15 things I learnt from Neil Gaiman’s Make Good Art speech

©Stuart Bush, The Kingdom, oil on canvas 150 x 85 cm
 
In 2012 Neil Gaiman gave a commencement speech for the University of Arts in Pennsylvania.  Neil Gaiman is a writer of novels, comic books, graphic novels, audio theatre and films. He was born in Hampshire, UK, and now lives in the United States near Minneapolis. Neil’s most notable works include The Sandman, Stardust, American Gods, Neverwhere, Coraline and The Graveyard book. He has also been honoured with many international awards.  His speech is packed full of helpful advice for creative people.  
 
I thought I would write this blog post and highlight many of the learning points l found in it.
 
  1. “Instead of having a career plan, make a list of everything you want to do and just do the next thing on the list.”
  2. “Goals are like mountains in the distance.” Set them and be clear what they are. 
  3. “Do things that feel like an adventure. Learn to write by writing. [For a painter, learn to paint by painting]. Stop when it feels like work.”
  4. “A life in the arts, is sometimes like putting messages in bottles on a desert island, and hoping that someone will find one of your bottles, open it and read it, and put something back in a bottle that will wash its way back to you: appreciation, or a commission, or money, or love. But you have to accept that you may put out a hundred things for every bottle that winds up coming back to you.” 
  5. “Nothing I did where the only reason for doing it was the money, was ever worth it.”  If you do things you’re proud of and if you don’t get paid, at least you will be proud of your work. 
  6. “The problems of success. They’re real, and with luck, you’ll experience them all. The point where you stop saying yes to everything is because now the bottles you threw in the ocean are all coming back, and you have to learn to say no.”  
  7. “Write fewer emails, write [and paint] more.”
  8. “Get out there and make mistakes.”
  9. After you have finished copying things remember,  “The moment that you feel that, just possibly, you’re walking down the street naked, exposing too much of your heart and your mind and what exists on the inside, showing too much of yourself. That’s the moment you may be starting to get it right.”    
  10. “Do the stuff only you can do.”
  11. “You should enjoy it, let go and enjoy the ride. Don’t worry about the next deadline or the next idea.”
  12. “Make up your own rules.”
  13. “Pretend that you’re someone who is already successful… and pretend to be wise.”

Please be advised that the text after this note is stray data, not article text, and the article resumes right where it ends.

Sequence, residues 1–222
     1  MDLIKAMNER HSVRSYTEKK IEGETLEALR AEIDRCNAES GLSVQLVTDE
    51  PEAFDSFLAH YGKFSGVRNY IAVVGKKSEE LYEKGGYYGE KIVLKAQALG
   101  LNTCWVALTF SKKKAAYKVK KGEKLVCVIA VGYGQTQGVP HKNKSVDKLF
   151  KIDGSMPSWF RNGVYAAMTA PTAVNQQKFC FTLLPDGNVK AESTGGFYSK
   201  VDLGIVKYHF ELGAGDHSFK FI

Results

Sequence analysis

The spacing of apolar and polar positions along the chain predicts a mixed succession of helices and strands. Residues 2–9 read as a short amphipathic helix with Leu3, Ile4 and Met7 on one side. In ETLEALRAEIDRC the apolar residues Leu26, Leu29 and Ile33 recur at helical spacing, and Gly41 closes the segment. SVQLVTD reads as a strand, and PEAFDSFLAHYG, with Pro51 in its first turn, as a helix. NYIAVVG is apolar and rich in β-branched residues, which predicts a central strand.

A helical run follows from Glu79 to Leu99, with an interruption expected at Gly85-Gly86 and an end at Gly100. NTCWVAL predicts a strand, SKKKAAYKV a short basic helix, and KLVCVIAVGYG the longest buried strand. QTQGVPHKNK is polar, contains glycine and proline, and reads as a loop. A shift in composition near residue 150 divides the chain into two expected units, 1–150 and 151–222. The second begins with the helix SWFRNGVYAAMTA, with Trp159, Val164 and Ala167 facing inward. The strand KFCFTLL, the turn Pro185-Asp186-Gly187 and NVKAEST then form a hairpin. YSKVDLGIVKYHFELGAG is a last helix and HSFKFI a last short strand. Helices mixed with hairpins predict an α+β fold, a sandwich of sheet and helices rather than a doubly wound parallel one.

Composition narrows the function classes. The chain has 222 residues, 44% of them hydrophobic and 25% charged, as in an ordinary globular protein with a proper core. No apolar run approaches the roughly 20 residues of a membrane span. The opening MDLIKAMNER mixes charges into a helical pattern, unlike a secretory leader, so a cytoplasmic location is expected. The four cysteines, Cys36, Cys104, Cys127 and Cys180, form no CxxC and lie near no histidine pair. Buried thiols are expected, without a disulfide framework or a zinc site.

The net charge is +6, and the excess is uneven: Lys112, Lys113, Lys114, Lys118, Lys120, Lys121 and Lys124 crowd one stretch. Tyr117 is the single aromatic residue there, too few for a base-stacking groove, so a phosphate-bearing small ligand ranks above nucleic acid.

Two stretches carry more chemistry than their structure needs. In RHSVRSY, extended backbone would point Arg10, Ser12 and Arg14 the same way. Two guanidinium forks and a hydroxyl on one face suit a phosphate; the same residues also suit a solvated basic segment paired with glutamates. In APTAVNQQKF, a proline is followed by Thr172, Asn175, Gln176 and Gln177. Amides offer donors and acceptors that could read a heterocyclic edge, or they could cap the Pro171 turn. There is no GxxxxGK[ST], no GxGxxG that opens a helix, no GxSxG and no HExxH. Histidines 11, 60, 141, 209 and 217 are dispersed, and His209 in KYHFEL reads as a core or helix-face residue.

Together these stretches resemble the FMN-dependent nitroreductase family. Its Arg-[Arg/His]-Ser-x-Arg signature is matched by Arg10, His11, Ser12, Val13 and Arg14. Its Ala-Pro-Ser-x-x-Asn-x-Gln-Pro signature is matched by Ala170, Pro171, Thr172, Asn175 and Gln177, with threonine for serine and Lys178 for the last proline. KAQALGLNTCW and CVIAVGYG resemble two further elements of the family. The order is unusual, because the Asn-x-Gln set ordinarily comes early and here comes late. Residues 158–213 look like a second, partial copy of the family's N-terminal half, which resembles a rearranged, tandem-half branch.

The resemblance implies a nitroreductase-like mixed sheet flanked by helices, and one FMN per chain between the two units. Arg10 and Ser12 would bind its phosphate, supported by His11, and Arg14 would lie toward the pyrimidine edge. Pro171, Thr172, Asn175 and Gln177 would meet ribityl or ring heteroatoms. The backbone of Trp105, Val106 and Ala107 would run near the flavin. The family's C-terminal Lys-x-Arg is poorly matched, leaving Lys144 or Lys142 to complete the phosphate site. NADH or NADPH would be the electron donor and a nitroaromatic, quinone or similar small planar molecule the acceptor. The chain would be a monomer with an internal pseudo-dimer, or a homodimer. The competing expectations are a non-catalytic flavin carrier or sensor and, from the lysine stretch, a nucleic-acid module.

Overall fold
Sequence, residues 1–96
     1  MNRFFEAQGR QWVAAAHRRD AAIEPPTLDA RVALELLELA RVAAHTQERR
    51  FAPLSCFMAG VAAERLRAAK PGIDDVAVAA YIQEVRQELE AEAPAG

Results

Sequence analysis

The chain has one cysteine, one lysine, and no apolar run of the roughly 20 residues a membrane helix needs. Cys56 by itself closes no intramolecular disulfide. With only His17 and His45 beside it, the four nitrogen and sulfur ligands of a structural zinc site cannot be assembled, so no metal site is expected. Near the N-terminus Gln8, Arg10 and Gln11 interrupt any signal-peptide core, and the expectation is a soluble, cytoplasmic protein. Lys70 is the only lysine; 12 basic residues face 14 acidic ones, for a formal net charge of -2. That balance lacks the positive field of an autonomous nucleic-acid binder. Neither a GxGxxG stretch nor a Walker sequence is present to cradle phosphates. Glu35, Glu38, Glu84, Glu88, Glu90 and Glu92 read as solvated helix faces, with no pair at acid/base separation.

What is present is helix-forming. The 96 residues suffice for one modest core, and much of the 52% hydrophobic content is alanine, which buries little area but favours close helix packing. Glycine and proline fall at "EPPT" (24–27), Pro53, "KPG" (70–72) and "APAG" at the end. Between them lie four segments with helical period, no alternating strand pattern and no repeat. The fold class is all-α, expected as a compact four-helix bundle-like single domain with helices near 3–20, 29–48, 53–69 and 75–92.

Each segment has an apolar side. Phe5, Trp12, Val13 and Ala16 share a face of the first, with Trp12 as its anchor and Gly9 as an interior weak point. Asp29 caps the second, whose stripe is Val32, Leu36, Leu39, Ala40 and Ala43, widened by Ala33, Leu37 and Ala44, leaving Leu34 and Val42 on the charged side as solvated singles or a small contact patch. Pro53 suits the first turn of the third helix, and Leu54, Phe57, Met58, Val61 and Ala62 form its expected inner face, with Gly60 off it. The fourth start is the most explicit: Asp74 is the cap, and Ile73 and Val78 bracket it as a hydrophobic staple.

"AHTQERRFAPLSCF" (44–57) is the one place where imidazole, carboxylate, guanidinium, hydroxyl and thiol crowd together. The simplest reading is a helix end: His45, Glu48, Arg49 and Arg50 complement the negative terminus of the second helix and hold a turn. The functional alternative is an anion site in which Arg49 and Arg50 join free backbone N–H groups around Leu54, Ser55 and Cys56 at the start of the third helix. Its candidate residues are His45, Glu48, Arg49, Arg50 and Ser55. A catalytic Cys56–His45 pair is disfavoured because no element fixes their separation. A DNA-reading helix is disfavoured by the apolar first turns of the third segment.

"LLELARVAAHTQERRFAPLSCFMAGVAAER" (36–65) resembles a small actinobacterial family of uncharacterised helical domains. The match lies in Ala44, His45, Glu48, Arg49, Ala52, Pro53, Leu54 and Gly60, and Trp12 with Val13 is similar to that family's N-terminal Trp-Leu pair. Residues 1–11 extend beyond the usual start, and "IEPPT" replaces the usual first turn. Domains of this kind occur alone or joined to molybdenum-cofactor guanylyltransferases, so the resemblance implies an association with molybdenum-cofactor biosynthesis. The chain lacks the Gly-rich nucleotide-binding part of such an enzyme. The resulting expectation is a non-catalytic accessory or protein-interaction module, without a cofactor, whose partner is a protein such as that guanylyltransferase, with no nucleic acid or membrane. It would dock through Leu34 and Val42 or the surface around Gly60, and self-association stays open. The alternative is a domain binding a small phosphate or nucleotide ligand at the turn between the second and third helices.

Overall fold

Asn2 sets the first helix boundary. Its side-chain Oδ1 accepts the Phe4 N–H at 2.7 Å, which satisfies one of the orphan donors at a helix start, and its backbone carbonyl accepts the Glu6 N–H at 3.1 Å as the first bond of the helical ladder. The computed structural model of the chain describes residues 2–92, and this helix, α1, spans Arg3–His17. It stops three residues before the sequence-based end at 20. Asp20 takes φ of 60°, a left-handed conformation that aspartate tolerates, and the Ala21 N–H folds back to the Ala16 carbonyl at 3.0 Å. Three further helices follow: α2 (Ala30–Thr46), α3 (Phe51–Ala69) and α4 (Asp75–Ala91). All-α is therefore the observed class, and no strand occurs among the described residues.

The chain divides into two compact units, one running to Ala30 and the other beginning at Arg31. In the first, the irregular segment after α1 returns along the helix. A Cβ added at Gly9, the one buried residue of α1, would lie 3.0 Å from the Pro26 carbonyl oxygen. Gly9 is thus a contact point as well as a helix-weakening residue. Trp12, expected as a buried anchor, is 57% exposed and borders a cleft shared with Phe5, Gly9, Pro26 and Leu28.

14. “Make good art!”
  15. “And now go, and make interesting mistakes, make amazing mistakes, make glorious and fantastic mistakes. Break the rules. Leave the world more interesting for your being here. Make good art.”
 

Here is the full speech:

https://www.uarts.edu/neil-gaiman-keynote-address-2012

If you would like to learn more about Neil please click this link below. 

http://neilgaiman.com/About_Neil/Biography

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7 lessons I have learnt on my way to develop a painting practice.

©2016 Stuart Bush, Hopes and Fears, (2007) oil on canvas 150 x 85 cm
I always felt I excelled as an artist when I painted, ‘Hopes and Fears’. The idea and success of ‘Hopes and Fears’ seemed to come out of nowhere. I started painting, and the result just happened.  It just seemed to work without a lot of effort. I had painted one of my greatest accomplishment to date, and now I want to understand its success so I can reproduce the results.
 
I had been overthinking about what was working within my art.  I kept trying and became confused. Then I slowly began to realise that when I am not trying to reach a solution, when I’m in the shower or going for a walk, ideas pop in my head.  I slowly learnt to realise that I need to get out of my own way to allow my creativity come through.
 
1. Remove the pressure I put on myself
 
It took time to realise that l need to remove the pressure l put on myself. If a solution to a problem is not apparent, I need to try to stay calm and have a clear mind. If my thoughts are racing, a walk, mediation or a stretch, helps.  Another way to remove the pressure is to carry out a simple, unrelated physical task, this helps me to halt the tendency of over thinking and trying to find a solution.  Once there is no pressure my mind becomes comfortable, and my natural creative side leads the way.
 
Sometimes it can take six months to realise how to move a piece of work forward. If this happens, I often turn the painting to the wall and work on something else.  I now have many paintings going on at once, so it is no longer an issue.  
 
2. Studio time is play time
I look at studio time as a way to challenge myself and play. I find it is exciting to stretch myself and learn new things. I am often curious and try things I haven’t tried before.  I find that this outlook enriches my world and my work.
 
2. Artists don’t need to know everything
It took me a long time to realise I don’t need to know everything. I only need to be competent in the area I am working in.  It is more important to understand how to be creative and how to get into the creative flow.   
 
3. Creating problems
When a designer works, often they are given a brief, and they need to solve a problem and come up with a solution.  Instead of addressing a problem I am trying to create one.  
 
4. Holding things back